Is Service Part of Selling?
By: John Chapin
This week’s quote that prompted this article, “I like doing deliveries. I look at that as end-to-end sales. I sell it, make sure everything goes smoothly and then finally I deliver it and make sure they’re happy.”
On the surface, it sounds good, right? I mean that makes sense except for one thing: the definition of salesperson is someone who sells, not someone who sells it, takes care of all the paperwork, financing, etc., preps it, and finally delivers it.
I find that for whatever reason, whether it’s the fear of rejection, or simply not wanting to call on strangers because it’s hard to do, many salespeople will fill their day with service issues and other items that can easily be done by other people, and have little or nothing to do with the actual sales process. But, as the lifeblood of the organization, it is critical for salespeople to spend as much time as possible on sales tasks. Organizations survive, thrive, or die based on the level of sales revenue. If a company sells enough product, at a high enough profit margin, and doesn’t do anything illegal, it stays in business, if it doesn’t sell enough to pay the bills, it doesn’t stay in business. Sales keep everything else alive and moving. Yes, the other parts are important but with no sales or low sales, the company dies. As a result, your salespeople need to be freed up to sell as much as possible. This means having adequate support people for deliveries, billing questions, and other non-sales-related tasks.
Think of a salesperson like an airline pilot. They get the plane off the ground, land the plane, and handle any inflight emergencies. They aren’t back serving drinks or food to passengers, they don’t service the plane, put fuel in it, etc. Takeoff, landing, and inflight emergencies, that’s it. Imagine a pilot saying they wanted to serve the drinks and food, fill the plane with fuel, and fix any mechanical issues while the plane was sitting in the hangar. You’d think they were crazy, right? And you wouldn’t want to fly on that plane. Pilots don’t get paid for that, it’s not their expertise, and they would not necessarily be good at those other items, in any case, they definitely aren’t as good as the people who actually do those things, especially when it comes to mechanical upkeep of the plane.
Ideally, in the perfect world, a salesperson would be prospecting, presenting, and closing 100% of the time to maximize revenue for the organization. Those are the three activities that lead to the salesperson’s goal: sales. In the real world, things look a little different. In the real world, the salesperson will have other activities they need to do such as paperwork, putting out fires with current customers, and doing some relationship building with current customers. There may also be times when they have to do something for a customer that they normally wouldn’t but, no one else is available, but this should be a rare exception. So, in the real world, the goal is prospecting, presenting, and closing 80% of the time during prime calling hours. Prime calling hours are the hours that prospects are available to be called on. 20% of that time may be used for emergencies, service items, and other things that need immediate attention. Any activities they do, such as paperwork and other non-time sensitive tasks, should be done off prime hours.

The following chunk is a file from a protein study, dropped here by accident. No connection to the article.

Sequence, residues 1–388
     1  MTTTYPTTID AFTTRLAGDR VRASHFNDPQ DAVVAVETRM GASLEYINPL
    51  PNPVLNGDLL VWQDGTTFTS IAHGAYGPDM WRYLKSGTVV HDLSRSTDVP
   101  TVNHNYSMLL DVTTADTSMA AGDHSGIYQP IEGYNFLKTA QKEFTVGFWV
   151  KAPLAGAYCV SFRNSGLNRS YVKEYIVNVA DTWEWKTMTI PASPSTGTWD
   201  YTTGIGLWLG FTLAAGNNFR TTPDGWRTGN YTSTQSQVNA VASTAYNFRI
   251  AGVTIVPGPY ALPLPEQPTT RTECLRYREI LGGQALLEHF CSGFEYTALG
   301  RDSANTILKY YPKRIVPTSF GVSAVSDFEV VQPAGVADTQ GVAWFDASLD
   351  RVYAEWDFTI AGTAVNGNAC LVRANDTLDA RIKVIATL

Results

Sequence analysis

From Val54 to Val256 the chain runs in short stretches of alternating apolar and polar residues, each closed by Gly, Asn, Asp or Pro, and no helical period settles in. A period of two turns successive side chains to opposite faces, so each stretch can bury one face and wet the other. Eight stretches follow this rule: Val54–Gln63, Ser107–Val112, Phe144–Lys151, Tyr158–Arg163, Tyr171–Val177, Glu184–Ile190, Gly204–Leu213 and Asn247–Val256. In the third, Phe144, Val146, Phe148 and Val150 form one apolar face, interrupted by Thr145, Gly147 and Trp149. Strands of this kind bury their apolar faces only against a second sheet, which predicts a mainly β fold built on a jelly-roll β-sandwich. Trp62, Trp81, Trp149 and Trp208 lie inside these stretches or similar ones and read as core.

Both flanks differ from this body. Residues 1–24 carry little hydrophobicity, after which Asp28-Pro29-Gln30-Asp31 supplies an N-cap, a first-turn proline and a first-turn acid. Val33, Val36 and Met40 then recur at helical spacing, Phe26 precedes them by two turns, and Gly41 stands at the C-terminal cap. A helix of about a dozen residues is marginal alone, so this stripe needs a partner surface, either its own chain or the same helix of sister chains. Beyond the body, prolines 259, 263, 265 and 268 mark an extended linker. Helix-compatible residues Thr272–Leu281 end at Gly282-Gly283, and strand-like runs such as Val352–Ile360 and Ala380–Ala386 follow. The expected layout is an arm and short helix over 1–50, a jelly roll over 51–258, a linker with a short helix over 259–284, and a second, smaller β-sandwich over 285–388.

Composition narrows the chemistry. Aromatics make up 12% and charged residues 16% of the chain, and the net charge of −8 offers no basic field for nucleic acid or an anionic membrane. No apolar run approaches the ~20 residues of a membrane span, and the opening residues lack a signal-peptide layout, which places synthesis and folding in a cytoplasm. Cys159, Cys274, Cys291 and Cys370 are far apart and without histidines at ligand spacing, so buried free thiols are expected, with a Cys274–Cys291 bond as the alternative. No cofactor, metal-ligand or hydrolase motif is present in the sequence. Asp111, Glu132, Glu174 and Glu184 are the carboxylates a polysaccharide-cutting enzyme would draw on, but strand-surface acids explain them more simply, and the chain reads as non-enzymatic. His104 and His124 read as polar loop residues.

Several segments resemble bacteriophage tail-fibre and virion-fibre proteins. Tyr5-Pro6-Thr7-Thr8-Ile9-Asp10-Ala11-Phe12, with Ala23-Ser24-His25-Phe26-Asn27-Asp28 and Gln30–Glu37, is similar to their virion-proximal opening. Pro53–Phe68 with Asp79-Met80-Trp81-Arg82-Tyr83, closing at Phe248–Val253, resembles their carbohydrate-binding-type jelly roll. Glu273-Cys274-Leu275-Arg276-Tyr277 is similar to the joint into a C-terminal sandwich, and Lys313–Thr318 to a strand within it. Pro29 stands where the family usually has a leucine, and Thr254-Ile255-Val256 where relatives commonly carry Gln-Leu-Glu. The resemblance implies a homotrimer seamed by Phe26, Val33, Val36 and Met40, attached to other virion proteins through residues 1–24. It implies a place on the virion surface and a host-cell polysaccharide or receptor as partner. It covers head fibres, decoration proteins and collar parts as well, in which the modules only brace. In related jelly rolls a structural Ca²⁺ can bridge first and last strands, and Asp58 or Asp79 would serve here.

Salespeople are supposed to be busy in meetings with prospects during the day doing sales calls and not taking calls regarding administrative and other mundane items. The advantage of having support people doing non-sales related tasks such as handling billing issues, and other similar items, is not only can they get to those items quicker, but they are also better at getting them done. As a result, the customer actually gets better, quicker service when they deal with someone who is specially assigned to handle that. Some salespeople say that a customer will only deal with them, regardless of the issue, but trust me when I say that the customer does not care who handles their issue for them, they only care that it gets done as quickly and as painlessly as possible.
So, look, is service part of sales? Yes. Is it as much a part of sales as most salespeople make it? No. The reality is, the rep in the first paragraph might deliver equipment under one of three circumstances, one, this is the first delivery to a brand new customer who is also a potential large customer, one that can significantly impact your business, two, this is a delivery to a large customer, like the one just described, that you haven’t seen in a while, or three, there is no one else available to deliver the equipment. Hopefully this third case is rare.
The above said, what’s the definition of a salesperson, producer, agent, or whatever you call them in your business? Right, it’s to produce sales. It isn’t to do deliveries, it isn’t to answer billing questions or tell a customer where to send a check or do other basic, non-sales items, it’s to make sales and produce revenue for the company. That’s it.
Again, the only reason the amount of service ever comes into play in the sales discussion is that most of the mediocre and poor salespeople prefer to do service work because it’s easier than drumming up new business, it’s easier than talking to strangers and facing rejection.
#1 Sales Rep w 34+ years’ experience, Author of the 2010 sales book of the year: Sales Encyclopedia (Axiom Book Awards) – also the largest sales book on the planet (678 pages).
John Chapin is a motivational sales speaker, coach, and trainer. For his free eBook: 30 Ideas to Double Sales and monthly article, or to have him speak at your next event, go to www.completeselling.com. John has over 34 years of sales experience as a number one sales rep and is the author of the 2010 sales book of the year, Sales Encyclopedia (Axiom Book Awards). You can reprint provided you keep contact information in place.